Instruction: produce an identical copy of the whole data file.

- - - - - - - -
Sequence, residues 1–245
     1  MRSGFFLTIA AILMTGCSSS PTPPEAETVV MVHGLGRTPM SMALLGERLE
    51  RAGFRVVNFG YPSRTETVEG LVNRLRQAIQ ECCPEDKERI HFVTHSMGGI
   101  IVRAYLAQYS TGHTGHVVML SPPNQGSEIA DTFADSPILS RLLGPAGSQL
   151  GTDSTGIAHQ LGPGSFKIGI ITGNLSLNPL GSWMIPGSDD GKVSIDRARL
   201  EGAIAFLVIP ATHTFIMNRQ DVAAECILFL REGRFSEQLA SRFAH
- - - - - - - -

Sequence, residues 1–245
     1  MRSGFFLTIA AILMTGCSSS PTPPEAETVV MVHGLGRTPM SMALLGERLE
    51  RAGFRVVNFG YPSRTETVEG LVNRLRQAIQ ECCPEDKERI HFVTHSMGGI
   101  IVRAYLAQYS TGHTGHVVML SPPNQGSEIA DTFADSPILS RLLGPAGSQL
   151  GTDSTGIAHQ LGPGSFKIGI ITGNLSLNPL GSWMIPGSDD GKVSIDRARL
   201  EGAIAFLVIP ATHTFIMNRQ DVAAECILFL REGRFSEQLA SRFAH